Im Mai 2005 veröffentlichte Daniel Bernstein einen Artikel (PDF-Version) über eine unerwartet einfache Timing-Attacke (eine Art der Seitenkanalattacke) auf den Advanced Encryption Standard."

    http://de.wikipedia.org/wiki/Advance...n_und_Angriffe

    in simple worts... big key Goes to a Little and brudeforce will be easy!

  4. #154
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    NIST sums it up nicely, even at 128 bit

    People 7.00E+09
    Computers per person 10.00
    Computers 1.00E+09
    Combos per second per computer 7.00E+19
    Total combos per second 7.00E+19
    Seconds per year 3.15E+07
    Total combos per year 2.22E+12
    128-bit key combos (*50%) 1.70E+38
    Years to crack 7.66E+25

  5. #155
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    Quote Originally Posted by Qaridarium View Post
    PCGH in germany shows that ATI render shadows korrekt @ crysis and nvidia save shader power and do not render all shadows!

    And so? I just provided you with proof that that type of thing is not limited to nvidia but is rampant among all cards. Hell don't even mix intel and s3 renders into it, they are even worse.

  6. #156
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    Quote Originally Posted by Kano View Post
    Did you see any UVD2 (libamdxvba1) programming examples? I never saw those, but I use VDPAU since serveral month. Currently my CPUs are so fast that I don't need VDPAU anymore on the systems which would support it (Intel Q9300@3GHz or E8400), but before 1080p was really much better with it. AMD waits so long that they could sell cpus instead of gpus as well. After 1-2 years nobody will need h264 accelleration when the minium speed is about 3 ghz for a 50$ cpu.
    That is what I have been saying. They are taking so long to release this that by the time they do it will be a moot point.

  7. #157
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    Not exactly moot, the poor devs who can't afford / make up a reason to buy a new 50$ cpu (which most likely would also include a completely new set, expensive ddr3 ram and all) would then get the chance for great playback on their -current- computers.

    Which is a nice goal in itself.

  8. #158
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    Quote Originally Posted by deanjo View Post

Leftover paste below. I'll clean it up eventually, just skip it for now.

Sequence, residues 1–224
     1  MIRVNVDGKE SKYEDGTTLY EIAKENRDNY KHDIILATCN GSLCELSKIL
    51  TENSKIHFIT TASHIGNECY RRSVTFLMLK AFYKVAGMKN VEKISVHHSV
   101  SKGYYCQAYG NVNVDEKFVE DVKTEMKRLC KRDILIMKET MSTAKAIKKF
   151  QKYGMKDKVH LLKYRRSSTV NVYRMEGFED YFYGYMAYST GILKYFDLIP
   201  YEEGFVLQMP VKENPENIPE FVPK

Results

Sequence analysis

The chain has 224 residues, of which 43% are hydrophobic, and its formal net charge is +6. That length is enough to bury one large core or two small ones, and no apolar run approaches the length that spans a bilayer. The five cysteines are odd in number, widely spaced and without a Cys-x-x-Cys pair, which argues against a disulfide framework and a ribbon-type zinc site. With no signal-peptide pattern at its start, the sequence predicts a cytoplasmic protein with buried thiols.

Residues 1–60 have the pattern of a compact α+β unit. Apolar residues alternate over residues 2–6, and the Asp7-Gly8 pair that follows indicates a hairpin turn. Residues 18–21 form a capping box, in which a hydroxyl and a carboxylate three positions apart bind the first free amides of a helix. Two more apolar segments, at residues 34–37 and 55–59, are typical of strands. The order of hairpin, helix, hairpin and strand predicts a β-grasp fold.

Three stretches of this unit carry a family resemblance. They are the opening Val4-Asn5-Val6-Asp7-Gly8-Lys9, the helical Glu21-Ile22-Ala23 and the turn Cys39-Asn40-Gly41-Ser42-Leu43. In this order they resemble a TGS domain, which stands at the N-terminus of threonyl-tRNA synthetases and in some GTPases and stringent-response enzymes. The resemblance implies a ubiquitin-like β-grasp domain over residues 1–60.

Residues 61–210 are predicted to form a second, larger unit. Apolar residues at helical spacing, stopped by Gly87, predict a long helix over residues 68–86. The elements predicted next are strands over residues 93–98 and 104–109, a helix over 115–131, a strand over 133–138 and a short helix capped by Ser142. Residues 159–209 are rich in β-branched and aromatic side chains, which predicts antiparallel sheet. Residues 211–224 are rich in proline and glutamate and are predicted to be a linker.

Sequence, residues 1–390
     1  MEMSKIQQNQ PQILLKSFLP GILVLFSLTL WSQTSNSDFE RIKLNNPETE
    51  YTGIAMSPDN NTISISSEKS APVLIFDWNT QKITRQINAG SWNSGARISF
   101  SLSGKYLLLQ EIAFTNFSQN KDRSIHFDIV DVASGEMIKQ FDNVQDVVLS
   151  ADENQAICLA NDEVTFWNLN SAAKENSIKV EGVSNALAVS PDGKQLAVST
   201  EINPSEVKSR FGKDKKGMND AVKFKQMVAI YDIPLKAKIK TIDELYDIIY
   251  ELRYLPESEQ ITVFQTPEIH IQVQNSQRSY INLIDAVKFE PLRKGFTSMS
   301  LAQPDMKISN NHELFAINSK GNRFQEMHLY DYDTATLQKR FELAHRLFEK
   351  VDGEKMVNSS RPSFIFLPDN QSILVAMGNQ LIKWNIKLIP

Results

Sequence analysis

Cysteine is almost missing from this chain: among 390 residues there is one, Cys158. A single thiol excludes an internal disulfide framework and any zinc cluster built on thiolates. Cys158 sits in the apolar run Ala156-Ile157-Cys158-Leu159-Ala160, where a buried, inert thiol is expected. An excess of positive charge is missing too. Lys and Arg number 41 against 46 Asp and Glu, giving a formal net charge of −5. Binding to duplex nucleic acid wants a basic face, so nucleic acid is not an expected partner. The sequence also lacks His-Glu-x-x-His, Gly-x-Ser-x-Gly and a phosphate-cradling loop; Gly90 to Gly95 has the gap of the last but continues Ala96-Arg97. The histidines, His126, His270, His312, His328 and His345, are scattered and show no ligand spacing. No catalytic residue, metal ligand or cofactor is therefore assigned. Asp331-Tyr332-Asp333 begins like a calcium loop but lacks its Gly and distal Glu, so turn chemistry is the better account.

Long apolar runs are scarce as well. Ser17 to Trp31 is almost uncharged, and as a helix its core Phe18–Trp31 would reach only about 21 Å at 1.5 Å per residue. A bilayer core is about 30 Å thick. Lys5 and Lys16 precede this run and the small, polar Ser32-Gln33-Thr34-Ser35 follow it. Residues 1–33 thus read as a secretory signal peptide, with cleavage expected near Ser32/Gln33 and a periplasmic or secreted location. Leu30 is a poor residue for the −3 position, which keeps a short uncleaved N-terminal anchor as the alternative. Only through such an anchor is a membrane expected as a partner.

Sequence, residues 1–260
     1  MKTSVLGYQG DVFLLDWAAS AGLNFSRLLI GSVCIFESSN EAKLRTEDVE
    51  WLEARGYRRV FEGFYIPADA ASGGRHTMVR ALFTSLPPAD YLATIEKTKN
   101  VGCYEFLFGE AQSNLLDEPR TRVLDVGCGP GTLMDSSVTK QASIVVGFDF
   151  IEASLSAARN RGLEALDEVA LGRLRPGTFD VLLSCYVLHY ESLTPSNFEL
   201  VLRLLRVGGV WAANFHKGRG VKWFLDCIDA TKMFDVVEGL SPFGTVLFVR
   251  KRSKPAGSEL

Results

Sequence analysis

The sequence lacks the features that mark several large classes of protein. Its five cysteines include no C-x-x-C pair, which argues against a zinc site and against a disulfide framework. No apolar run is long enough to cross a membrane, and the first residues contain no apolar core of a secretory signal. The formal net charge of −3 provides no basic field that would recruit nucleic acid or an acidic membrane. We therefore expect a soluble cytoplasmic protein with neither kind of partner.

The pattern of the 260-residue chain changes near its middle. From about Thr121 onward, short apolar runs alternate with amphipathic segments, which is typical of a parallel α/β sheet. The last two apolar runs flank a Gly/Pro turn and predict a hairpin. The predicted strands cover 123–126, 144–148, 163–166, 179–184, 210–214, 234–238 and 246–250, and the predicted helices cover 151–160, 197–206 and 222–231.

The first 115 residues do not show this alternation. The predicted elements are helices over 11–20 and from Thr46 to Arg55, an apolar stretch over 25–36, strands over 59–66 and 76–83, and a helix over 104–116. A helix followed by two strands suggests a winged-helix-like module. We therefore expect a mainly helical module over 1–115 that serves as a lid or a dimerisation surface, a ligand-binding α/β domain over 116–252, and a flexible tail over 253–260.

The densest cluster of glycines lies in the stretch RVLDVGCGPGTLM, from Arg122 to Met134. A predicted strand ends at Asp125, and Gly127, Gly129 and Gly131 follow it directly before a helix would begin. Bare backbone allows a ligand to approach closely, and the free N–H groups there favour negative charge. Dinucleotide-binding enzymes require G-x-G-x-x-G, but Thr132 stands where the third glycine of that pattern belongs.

NIST sums it up nicely, even at 128 bit

    People 7.00E+09
    Computers per person 10.00
    Computers 1.00E+09
    Combos per second per computer 7.00E+19
    Total combos per second 7.00E+19
    Seconds per year 3.15E+07
    Total combos per year 2.22E+12
    128-bit key combos (*50%) 1.70E+38
    Years to crack 7.66E+25
    the IX the pro part of the (C't) has a artikle of password cracking WPA2! with the VGA's!
    100 000 Valid checks per second! per (PC+vga's) unit!

    (Combos per second per computer) = 100 000 !

    with only a quatcore in 2 monds amd bring the 6 core! and this carts only 55nm! in 40nm VGAs you will have 150 000 Combos per second per computer.

  9. #159
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    Quote Originally Posted by Qaridarium View Post
    (Combos per second per computer) = 100 000 !.
    For your information 100 000 combos per second is insignificant. We're talking about easily over 91292051633079798989750131910067116342455228306074 83146366674788070551428931526296681935903540008509 26342401 total amount.

  10. #160
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    Also another note: the thing about WPA2 is that passwords are weak. If the passwords weren't that weak, WPA2 wouldn't be breakable in a timely manner. WPA2 in itself is not weak, humans are. You're not breaking the AES key there, you are just breaking a password set by a silly human. Key-based authentication would be closer to unbreakable.
    Last edited by nanonyme; 04-22-2009 at 07:54 PM.